Writing to Christians who were trying to figure out how to live in the midst of difficult situations and persecution, the apostle Peter repeatedly reminds them of their identity and the hope they have in God’s sovereignty and His ultimate promise of deliverance. In contrast to the people around them who “stumble because they disobey the word” (1 Peter 2:8), Christians are to live differently.…
“But you are a chosen race, a royal priesthood, a holy nation, a people for his own possession, that you may proclaim the excellencies of him who called you out of darkness into his marvelous light.” (1 Peter 2:9)
In the surrounding verses, Peter identifies what it looks like to live as priests who proclaim God’s excellencies to the surrounding world. It entails…
- putting away all malice and deceit and hypocrisy and envy and all slander (2:1)
- longing for pure spiritual milk (2:2)
- coming to Jesus to be built up into a spiritual house (2:4)
- abstaining from the passions of the flesh which wage war against our souls (2:11)
- keeping our conduct among the Gentiles honorable so that they may see our good deeds and glorify God (2:12)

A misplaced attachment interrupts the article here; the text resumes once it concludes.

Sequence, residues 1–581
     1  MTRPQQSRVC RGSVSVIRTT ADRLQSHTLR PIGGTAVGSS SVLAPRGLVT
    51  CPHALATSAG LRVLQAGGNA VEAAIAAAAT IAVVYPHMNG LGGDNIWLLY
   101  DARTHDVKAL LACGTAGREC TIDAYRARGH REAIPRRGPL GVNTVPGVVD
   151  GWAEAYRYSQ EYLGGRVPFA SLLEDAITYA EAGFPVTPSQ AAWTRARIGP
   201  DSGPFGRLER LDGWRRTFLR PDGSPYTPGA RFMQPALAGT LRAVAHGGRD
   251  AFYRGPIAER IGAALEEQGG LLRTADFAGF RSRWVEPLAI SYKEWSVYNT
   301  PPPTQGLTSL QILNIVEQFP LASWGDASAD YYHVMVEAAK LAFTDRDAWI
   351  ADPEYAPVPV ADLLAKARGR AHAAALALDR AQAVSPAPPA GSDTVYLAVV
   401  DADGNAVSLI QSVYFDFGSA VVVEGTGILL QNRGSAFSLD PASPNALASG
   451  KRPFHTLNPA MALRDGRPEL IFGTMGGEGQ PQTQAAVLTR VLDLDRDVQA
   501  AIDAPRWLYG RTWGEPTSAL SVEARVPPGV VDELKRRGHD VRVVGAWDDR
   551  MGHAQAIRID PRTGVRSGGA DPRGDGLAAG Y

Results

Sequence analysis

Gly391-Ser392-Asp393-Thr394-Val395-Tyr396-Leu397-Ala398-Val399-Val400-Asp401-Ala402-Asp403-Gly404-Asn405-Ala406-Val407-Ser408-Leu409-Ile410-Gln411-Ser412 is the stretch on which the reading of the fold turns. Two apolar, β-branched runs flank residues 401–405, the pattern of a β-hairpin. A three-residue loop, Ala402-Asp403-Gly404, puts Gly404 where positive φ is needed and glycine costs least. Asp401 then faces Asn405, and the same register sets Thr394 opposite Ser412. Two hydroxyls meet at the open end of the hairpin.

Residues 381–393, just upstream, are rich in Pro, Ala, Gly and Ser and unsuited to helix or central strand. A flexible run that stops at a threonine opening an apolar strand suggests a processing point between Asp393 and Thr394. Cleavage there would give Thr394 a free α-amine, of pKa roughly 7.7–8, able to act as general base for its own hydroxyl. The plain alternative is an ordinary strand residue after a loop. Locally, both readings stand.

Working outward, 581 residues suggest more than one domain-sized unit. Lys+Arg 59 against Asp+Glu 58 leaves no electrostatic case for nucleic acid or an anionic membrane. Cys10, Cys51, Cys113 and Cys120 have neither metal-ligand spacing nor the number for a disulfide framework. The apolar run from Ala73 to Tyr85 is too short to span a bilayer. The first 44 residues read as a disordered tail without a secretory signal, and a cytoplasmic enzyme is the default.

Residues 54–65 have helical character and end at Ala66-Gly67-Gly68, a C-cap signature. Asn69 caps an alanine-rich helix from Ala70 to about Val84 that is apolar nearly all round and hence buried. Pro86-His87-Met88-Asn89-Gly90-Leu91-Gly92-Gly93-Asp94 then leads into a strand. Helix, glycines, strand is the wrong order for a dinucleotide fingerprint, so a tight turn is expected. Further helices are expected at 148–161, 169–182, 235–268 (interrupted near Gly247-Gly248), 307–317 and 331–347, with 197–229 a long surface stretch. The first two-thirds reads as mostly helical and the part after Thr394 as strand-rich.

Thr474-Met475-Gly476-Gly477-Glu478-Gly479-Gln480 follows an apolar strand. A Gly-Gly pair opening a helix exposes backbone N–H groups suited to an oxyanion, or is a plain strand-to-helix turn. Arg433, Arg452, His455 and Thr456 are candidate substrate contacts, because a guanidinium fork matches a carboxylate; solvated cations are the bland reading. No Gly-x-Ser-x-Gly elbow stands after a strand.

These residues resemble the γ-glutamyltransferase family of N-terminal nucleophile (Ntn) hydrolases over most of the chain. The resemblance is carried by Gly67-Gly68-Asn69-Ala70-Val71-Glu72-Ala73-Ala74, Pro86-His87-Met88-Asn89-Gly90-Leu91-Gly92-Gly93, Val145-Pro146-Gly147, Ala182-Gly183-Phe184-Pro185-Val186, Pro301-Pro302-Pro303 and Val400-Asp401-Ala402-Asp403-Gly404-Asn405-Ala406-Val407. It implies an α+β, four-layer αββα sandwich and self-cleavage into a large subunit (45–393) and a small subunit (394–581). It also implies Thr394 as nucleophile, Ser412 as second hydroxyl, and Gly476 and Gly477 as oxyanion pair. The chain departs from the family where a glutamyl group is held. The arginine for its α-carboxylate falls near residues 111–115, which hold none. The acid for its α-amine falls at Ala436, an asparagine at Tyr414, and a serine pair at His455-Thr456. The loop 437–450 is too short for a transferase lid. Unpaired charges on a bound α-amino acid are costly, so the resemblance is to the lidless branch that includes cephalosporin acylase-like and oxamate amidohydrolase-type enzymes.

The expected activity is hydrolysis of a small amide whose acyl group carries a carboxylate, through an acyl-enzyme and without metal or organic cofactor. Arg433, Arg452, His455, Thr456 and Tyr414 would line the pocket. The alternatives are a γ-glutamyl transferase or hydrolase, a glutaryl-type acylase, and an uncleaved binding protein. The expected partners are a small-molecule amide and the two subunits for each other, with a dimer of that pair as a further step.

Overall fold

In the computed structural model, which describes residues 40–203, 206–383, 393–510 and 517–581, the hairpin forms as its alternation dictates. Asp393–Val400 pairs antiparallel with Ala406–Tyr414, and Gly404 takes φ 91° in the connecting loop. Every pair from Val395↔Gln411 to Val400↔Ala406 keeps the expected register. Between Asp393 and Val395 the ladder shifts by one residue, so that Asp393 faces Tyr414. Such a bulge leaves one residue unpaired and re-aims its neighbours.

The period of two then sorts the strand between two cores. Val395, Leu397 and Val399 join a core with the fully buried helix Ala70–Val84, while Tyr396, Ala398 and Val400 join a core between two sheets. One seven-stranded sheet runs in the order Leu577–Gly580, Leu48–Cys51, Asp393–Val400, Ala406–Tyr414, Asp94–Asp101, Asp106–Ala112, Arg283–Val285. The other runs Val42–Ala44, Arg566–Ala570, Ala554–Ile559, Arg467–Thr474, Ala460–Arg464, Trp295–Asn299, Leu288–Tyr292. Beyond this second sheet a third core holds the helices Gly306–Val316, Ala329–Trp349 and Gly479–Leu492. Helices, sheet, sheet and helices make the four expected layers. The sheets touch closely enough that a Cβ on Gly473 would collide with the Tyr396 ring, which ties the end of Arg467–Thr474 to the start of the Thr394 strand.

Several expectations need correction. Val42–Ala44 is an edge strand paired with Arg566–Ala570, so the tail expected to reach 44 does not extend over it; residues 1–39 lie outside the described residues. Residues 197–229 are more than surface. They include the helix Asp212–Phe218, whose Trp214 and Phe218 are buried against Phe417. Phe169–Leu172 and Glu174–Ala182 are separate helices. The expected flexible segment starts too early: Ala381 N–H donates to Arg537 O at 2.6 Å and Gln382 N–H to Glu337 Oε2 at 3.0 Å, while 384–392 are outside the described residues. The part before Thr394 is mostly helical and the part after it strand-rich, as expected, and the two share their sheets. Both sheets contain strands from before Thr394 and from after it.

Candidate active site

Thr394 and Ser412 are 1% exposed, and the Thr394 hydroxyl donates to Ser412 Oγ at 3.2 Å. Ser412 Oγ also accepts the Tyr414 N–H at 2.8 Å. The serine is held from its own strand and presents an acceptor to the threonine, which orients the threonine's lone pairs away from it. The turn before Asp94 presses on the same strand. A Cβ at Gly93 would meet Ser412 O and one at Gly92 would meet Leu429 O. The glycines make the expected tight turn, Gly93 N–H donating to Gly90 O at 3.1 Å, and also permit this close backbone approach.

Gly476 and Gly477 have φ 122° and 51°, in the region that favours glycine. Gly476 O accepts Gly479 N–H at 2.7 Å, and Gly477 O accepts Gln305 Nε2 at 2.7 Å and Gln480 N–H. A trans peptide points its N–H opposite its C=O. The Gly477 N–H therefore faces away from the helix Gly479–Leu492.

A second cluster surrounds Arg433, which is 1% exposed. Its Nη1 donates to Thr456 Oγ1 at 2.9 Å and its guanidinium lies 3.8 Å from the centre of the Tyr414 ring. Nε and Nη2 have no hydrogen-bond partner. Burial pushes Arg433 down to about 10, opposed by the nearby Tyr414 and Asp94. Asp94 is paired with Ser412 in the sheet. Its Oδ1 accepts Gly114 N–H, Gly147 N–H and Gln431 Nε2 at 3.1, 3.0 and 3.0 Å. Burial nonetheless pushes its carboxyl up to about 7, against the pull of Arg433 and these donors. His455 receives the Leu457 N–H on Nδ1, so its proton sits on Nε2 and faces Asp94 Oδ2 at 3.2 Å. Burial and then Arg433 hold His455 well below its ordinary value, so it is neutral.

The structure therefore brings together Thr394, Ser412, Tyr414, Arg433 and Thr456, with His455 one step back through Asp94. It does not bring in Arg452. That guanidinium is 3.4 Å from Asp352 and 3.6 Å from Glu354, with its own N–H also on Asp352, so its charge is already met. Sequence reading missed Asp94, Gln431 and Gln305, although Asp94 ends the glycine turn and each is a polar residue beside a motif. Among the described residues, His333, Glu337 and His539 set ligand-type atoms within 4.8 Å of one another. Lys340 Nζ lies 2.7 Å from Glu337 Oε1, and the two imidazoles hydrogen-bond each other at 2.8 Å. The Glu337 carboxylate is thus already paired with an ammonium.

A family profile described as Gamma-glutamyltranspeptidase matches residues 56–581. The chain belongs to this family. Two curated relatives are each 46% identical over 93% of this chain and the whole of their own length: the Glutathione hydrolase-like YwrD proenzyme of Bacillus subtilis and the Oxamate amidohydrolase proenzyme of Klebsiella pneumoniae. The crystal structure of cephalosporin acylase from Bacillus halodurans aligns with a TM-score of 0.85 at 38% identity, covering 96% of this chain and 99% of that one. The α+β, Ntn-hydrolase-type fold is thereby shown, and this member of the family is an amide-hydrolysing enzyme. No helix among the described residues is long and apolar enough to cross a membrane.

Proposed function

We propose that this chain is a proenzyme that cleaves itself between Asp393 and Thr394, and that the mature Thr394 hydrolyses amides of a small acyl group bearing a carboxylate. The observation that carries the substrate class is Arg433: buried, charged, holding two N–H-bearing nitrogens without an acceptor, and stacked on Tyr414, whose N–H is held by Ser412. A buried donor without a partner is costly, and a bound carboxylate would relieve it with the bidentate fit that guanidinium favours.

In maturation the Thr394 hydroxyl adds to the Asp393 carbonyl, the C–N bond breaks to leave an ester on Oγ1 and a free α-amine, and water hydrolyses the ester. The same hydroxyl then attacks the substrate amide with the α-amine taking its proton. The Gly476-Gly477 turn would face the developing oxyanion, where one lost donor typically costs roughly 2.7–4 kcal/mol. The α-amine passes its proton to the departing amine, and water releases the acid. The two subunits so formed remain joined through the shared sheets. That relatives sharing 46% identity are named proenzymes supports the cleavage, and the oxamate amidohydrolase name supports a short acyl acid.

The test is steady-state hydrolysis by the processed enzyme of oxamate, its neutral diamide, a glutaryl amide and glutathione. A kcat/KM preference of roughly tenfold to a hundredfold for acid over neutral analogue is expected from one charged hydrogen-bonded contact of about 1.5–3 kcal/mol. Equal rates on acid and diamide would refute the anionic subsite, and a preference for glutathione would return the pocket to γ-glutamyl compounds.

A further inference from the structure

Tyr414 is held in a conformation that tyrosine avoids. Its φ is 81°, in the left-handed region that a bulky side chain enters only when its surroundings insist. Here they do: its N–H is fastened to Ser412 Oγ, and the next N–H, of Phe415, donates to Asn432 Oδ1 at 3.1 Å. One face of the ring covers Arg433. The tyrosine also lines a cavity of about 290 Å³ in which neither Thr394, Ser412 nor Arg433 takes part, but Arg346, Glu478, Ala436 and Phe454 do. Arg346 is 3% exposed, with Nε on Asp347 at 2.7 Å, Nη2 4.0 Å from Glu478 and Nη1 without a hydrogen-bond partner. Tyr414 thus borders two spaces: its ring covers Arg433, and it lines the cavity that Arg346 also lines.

- being subject for the Lord’s sake to every human institution (2:13)
- by doing good, putting to silence the ignorance of foolish people (2:14)
- living as people who are free, not using your freedom as a cover-up for evil but living as servants of God (2:16)
- honoring everyone (2:17)
- loving the brotherhood (church) (2:17)
- fearing God (2:17)
- honoring the emperor (2:17)
Our circumstances may not be exactly the same as Peter’s first audience, but we have the same calling to represent and proclaim God. As our local world is immersed in the tension surrounding the teacher’s strike, it has become my prayer that all of us Christians would operate out of our real identity – as royal priests, members of a holy nation, a people for God’s own possession – regardless of what side of the fence we are on. I’d invite you to meditate on these verses with me, and let them shape our words, our thoughts and our actions as we all navigate the coming weeks.
“Once you were not a people, but now you are God’s people; once you had not received mercy, but now you have received mercy” (1 Peter 2:10).
May we be agents of the mercy we have received.
Pastor of Women